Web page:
Today the Ada Initiative announced the appointment of Sue Gardner, ED of the Wikimedia Foundation, to its first advisory board. The Ada Initiative launched just a few weeks ago, and has the aim of promoting the visibility and participation of women in open-source culture. The group, founded by Valerie Aurora and Mary Gardiner, will undertake unique research in the field of women in open-source culture, provide consultative services to organizations and businesses, and develop training and education services.

The Initiative‘s namesake, Countess Ada Lovelace (10 December 1815 – 27 November 1852), was considered one of the world’s first computer programmers, and was almost certainly the first woman in computer programming. She collaborated with Charles Babbage, the creator of one of the first mechanical computers, the analytical engine, writing what is generally considered the first code instructions for a computer.

From Wikipedia,

She was the only legitimate child of the poet Lord Byron (with Anne Isabella Milbanke), but had no relationship with her father, who died when she was nine. As a young adult she took an interest in mathematics, and in particular Babbage’s work on the analytical engine. Between 1842 and 1843 she translated an article by Italian mathematician Luigi Menabrea on the engine, which she supplemented with a set of notes of her own. These notes contain what is considered the first computer program—that is, an algorithm encoded for processing by a machine. Though Babbage’s engine was never built, Lovelace’s notes are important in the early history of computers. She also foresaw the capability of computers to go beyond mere calculating or number-crunching while others, including Babbage himself, focused only on these capabilities. [1]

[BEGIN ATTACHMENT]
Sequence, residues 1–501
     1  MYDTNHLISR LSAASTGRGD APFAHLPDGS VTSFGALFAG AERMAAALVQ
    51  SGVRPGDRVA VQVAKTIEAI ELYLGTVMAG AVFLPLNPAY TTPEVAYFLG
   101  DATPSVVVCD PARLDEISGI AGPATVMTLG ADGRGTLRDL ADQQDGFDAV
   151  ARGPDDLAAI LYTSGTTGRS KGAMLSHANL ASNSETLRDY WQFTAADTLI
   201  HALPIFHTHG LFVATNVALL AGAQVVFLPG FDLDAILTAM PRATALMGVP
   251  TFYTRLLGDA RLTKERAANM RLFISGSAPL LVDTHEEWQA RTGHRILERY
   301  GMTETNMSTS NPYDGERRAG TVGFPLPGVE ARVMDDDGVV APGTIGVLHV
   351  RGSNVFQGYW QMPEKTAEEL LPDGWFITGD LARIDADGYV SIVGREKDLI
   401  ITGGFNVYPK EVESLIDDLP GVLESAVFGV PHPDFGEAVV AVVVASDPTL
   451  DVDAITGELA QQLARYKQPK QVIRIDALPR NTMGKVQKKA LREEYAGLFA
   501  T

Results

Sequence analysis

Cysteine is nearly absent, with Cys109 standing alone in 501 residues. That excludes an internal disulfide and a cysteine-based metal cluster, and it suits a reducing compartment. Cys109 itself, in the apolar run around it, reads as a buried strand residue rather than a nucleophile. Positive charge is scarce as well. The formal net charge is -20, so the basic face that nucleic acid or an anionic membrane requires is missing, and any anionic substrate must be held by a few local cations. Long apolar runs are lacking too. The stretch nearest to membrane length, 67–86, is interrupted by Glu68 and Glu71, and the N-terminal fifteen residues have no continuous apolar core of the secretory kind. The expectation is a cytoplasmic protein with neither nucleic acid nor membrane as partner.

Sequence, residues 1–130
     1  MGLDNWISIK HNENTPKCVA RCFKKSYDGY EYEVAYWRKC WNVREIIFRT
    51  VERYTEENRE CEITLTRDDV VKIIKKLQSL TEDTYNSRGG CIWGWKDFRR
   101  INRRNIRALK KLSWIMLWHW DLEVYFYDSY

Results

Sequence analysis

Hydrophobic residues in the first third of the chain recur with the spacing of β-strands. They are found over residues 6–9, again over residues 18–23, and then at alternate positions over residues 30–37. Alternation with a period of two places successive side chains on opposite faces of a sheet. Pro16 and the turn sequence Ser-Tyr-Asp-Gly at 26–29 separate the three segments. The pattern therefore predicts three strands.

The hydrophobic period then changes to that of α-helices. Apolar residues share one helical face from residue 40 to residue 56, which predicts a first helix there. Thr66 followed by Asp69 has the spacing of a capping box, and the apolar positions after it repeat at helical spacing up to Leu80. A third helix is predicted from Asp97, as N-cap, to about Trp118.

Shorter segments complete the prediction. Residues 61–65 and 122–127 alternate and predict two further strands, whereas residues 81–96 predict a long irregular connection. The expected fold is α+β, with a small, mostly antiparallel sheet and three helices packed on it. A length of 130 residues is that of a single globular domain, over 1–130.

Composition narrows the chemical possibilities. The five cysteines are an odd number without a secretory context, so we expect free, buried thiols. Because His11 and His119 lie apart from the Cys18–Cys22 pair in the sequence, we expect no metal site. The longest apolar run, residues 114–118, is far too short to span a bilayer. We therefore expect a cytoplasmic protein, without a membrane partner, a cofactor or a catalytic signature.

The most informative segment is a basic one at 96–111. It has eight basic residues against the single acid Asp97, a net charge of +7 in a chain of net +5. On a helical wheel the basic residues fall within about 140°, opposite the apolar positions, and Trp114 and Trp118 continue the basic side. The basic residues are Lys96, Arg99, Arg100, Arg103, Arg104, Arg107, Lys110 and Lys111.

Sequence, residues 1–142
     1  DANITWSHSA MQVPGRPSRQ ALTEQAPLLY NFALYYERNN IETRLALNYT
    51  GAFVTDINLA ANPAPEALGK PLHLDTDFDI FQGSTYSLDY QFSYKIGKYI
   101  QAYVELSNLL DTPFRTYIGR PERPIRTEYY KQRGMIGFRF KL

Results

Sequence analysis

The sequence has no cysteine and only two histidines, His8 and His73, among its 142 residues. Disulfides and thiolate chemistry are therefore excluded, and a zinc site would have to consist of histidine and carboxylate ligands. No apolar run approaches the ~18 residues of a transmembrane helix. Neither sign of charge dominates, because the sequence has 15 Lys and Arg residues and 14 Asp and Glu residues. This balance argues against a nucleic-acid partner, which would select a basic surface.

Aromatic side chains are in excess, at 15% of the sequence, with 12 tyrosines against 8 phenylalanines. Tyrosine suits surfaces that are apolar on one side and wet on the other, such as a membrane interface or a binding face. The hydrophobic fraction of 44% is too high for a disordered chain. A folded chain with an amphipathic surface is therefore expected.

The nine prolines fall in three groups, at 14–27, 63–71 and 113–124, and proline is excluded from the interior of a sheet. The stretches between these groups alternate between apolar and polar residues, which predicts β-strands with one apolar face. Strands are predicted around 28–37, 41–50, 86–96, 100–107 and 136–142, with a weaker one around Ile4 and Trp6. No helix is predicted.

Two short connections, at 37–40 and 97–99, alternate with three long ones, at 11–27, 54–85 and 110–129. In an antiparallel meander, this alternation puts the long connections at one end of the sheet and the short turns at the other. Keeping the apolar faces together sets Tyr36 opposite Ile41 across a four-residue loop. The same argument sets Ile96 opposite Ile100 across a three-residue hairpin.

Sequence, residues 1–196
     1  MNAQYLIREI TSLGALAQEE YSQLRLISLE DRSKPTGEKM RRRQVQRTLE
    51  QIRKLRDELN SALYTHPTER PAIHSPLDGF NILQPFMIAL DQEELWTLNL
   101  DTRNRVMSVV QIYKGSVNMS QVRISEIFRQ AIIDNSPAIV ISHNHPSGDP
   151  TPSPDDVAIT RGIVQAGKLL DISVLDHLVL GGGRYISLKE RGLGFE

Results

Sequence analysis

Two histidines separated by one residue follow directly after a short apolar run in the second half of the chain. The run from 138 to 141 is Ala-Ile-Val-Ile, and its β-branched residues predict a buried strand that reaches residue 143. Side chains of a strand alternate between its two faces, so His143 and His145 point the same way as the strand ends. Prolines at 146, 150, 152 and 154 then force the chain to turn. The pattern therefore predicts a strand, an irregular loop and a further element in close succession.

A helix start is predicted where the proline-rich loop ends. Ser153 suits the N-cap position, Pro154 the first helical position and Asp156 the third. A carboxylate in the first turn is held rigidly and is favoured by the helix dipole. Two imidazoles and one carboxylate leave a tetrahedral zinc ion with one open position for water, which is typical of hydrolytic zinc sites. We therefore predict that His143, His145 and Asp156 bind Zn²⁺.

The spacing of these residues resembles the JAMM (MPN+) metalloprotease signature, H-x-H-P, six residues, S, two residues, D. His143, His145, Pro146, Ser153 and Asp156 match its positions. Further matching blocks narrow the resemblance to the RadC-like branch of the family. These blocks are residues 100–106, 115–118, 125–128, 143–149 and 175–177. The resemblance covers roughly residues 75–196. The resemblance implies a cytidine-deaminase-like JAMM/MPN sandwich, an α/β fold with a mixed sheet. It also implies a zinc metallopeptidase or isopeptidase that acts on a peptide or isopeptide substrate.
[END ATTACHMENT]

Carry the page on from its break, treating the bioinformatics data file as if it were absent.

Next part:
Wikipedia has been in the news recently following a New York Times story highlighting the lack of women participating in the project, based on researched gathered by the United Nations University Study.  Interest in the topic has brought new thinkers to the Wikimedia community, which also recently resulted in the creation of a Wikimedia gender gap mailing list, which is open to the public.

Congratulations, Sue, and good luck to everyone involved in the Ada Initiative!

Jay Walsh, Communications

[1] Ada Lovelace. (2011, February 24). In Wikipedia, The Free Encyclopedia. Retrieved 18:03, February 24, 2011, from